With necessary updates and enhanced provisions to support and prioritize prevention and evidence-based programs, the Juvenile Justice Reform Act of 2018 reauthorizes and strengthens the Juvenile Justice and Delinquency Prevention Act.
Today, President Donald Trump signed the Juvenile Justice Reform Act of 2018, which reauthorizes the Juvenile Justice, and Delinquency Prevention Act (JJDPA) and supports state efforts to improve their juvenile justice systems, protect kids, and build safer communities.
“The National Council of Juvenile and Family Court Judges (NCJFCJ) thanks Senator Chuck Grassley (R-Iowa), Senator Dianne Feinstein (D-Calif.), Senator Sheldon Whitehouse (D-R.I.), Senator Patrick Leahy (D-VT), Senator Susan Collins (R-ME), Rep. Virginia Foxx (R-N.C.), Rep. Bobby Scott (D-Va.), and Rep. Jason Lewis (R-Minn.) for their leadership and tireless efforts to ensuring the Juvenile Justice and Delinquency Prevention Act Reauthorization was signed into law,” said Judge John J. Romero, Jr., NCJFCJ president. “The NCJFCJ has supported the JJDPA since its original enactment and today’s monumental action reauthorizing this important law is a pivotal step forward to supporting local and state efforts to prevent delinquency, create safer communities, and improve the juvenile justice system.”
President Gerald Ford first signed the JJDPA into law on September 7, 1974; it was last reauthorized in 2002 and has been awaiting reauthorization for more than a decade. The law remains the only federal statute that sets out national standards for the custody and care of youth in the juvenile justice system and provides direction and support for state juvenile justice system improvements.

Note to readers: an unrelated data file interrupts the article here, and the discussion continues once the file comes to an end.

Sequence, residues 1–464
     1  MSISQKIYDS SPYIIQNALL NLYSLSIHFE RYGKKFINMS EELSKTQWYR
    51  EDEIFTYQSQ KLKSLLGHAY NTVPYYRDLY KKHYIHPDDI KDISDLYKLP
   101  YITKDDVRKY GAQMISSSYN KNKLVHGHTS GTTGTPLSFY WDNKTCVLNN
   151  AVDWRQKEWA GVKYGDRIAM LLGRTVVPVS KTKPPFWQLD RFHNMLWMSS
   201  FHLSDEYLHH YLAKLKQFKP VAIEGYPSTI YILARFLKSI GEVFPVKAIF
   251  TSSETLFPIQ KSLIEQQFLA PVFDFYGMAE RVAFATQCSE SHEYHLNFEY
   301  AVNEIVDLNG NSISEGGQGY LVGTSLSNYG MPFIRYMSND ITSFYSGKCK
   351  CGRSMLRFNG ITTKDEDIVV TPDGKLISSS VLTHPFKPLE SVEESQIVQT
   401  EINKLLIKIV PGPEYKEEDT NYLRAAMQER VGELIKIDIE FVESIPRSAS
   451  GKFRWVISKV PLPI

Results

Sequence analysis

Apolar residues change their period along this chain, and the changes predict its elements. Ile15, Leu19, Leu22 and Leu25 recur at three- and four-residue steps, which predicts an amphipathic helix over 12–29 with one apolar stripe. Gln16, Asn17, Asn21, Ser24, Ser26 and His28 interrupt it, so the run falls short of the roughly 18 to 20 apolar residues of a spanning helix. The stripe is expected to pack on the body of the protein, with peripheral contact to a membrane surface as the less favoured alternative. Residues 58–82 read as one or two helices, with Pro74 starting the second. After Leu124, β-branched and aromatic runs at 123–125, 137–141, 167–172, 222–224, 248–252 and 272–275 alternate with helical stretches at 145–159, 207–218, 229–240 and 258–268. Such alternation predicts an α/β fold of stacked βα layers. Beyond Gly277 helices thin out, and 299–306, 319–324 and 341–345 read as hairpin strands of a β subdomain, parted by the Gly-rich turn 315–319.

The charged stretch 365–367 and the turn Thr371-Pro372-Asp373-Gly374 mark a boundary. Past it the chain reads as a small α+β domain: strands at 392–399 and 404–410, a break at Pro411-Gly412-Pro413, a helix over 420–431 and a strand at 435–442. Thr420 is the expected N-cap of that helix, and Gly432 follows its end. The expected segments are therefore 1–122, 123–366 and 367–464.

The NCJFCJ also applauds Congress for coming together and passing a much needed update to the law and for including a provision, championed by the NCJFCJ, which allows federal grants to support training and technical assistance for juvenile court judges and personnel. This is a significant step to advance education and resources for the judiciary so we are properly equipped to carry out the four core requirements of the JJDPA.
The reauthorization measure also includes needed updates to help guide juvenile justice professionals in our work to apply trauma-responsive practices. With up to 90 percent of justice-involved youth reporting exposure to some type of traumatic event, the NCJFCJ has worked tirelessly to support a trauma-responsive continuum of programs to address the needs of at-risk youth and those who come in contact with the juvenile justice system. Research has shown the improved understanding of brain development in children and youth, and reveals the negative outcomes for low-risk children who are detained.
In 2017, the NCJFCJ passed a resolution in support of the reauthorization and strengthening of the JJDPA and elimination of the valid court order exception as it is in the best interest of our nation’s children and committees.
As originally enacted, the JJDPA required states to stop incarcerating young people for status offense behaviors such as running away from home or skipping school. An exception to this rule was added in 1984, which permits states to securely detain youth when these behaviors are in violation of a valid court order.